Recreational Trail Planning In The Context Of Seasonality
Free (open access)
P. Vassiljev, K. Kuldkepp, M. Külvik, A. Kull & Ü. Mander
This study involved comparing the perceived restorative value of the vegetation types in winter and summer to find out how to plan recreation trails that would have maximum restorative value in both seasons. It was found that vegetation classes do have different levels of restorative value. In agreement with the extensive body of knowledge, the park-like and savannah-like vegetation types resulted in higher scores for restorativeness. Also, the smoothness of the ground and the perceived ease of movement through the landscape seemed to positively affect the restorative value of the vegetation class. Apparent seasonal changes in the visibility and smoothness of the ground had an influence on the restorative value of some vegetation types. Views towards and away from the vegetation type tended to elicit higher scores for restoration potential than views within the type. In order to maximize the restorative value in both seasons, the recreational trails should provide views towards and away from certain vegetation types in the landscape that have smooth ground cover. Long sections of tracks within forests with a dense understorey should be avoided, although the need for variation should be given equal consideration. Because many forest types in the study area are naturally dense or develop a dense understorey, especially on the woodland edge, a consistent plan for landscape management is needed. Keywords: landscape seasonality, landscape assessment, landscape management, restorative quality of natural environments, recreation, recreation trails, woodland edge.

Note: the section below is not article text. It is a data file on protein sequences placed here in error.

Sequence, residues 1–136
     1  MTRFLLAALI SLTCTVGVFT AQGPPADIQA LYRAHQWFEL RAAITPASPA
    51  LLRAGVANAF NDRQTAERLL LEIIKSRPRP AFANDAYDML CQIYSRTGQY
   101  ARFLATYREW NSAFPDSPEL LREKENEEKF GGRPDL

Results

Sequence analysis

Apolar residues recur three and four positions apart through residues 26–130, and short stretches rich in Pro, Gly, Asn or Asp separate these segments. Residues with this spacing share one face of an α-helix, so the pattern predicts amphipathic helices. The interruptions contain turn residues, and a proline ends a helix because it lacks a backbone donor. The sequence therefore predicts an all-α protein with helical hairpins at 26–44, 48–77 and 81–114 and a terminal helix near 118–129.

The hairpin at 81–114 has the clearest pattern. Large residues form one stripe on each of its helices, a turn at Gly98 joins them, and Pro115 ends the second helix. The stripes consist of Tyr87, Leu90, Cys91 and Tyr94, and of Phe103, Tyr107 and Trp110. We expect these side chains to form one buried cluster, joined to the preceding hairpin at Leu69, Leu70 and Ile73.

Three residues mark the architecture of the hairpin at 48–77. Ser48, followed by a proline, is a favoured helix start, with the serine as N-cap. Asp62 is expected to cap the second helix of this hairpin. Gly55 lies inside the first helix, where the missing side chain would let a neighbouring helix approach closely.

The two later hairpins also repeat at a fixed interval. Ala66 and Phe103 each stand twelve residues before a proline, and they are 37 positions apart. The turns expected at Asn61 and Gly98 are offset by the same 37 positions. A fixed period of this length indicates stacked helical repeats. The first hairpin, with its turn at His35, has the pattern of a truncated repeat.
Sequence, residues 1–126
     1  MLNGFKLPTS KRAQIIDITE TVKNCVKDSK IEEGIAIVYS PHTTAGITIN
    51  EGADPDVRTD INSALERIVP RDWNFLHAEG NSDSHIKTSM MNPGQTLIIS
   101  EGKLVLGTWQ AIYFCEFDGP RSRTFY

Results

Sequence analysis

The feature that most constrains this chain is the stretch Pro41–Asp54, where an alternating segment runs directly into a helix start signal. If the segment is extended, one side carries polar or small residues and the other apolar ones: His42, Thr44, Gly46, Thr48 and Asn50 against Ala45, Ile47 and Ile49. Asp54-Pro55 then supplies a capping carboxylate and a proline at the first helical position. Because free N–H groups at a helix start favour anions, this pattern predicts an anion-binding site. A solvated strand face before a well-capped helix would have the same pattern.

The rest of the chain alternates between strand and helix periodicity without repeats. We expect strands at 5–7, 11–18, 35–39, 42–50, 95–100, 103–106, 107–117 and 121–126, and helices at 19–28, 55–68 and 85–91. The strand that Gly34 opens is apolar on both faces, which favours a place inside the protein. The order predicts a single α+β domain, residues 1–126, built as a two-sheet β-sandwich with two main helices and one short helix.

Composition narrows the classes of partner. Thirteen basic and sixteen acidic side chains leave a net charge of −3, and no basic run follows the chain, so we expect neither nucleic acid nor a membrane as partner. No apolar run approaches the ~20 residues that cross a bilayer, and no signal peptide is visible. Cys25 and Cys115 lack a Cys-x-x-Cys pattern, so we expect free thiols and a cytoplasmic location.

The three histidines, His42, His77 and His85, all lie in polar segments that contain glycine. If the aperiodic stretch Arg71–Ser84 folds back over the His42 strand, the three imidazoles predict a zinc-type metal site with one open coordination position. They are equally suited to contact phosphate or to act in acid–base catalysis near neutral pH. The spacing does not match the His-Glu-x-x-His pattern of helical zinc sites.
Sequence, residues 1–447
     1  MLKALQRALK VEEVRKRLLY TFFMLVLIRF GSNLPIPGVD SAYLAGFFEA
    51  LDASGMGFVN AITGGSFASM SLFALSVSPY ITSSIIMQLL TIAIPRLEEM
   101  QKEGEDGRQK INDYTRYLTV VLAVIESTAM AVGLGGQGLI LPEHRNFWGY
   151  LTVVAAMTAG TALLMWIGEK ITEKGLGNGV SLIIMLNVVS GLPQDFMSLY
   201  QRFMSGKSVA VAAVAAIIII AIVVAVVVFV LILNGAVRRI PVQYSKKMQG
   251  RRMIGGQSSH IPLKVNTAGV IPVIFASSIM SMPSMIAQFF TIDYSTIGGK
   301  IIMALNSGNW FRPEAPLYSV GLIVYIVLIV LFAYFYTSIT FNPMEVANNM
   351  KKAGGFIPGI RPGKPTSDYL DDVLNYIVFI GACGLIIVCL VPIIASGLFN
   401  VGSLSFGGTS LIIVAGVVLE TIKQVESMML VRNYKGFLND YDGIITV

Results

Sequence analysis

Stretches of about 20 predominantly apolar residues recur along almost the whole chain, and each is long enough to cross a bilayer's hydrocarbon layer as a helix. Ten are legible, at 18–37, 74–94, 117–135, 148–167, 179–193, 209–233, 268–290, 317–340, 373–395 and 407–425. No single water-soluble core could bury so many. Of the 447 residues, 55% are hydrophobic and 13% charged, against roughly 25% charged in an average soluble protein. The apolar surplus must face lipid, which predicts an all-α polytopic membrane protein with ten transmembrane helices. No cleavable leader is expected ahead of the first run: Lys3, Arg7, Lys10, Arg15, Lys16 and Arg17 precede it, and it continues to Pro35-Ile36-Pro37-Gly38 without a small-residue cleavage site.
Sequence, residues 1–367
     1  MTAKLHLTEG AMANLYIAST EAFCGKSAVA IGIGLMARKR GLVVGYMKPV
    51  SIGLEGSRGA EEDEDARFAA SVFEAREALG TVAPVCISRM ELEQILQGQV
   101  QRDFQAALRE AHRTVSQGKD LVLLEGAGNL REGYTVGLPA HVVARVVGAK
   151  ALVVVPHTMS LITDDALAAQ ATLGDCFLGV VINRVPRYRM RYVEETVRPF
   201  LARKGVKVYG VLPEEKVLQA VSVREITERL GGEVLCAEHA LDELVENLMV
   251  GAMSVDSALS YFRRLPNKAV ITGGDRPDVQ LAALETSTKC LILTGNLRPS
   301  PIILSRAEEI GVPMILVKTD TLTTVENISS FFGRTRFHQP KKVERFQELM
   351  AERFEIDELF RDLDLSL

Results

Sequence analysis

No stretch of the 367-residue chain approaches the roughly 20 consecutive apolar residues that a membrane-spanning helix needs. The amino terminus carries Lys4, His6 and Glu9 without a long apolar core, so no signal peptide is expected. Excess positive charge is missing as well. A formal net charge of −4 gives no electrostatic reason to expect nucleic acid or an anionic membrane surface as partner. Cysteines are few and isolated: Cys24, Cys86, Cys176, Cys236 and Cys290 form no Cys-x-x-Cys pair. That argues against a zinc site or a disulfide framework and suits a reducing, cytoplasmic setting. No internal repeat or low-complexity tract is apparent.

landscape seasonality, landscape assessment, landscape management, restorative quality of natural environments, recreation, recreation trails, woodland edge.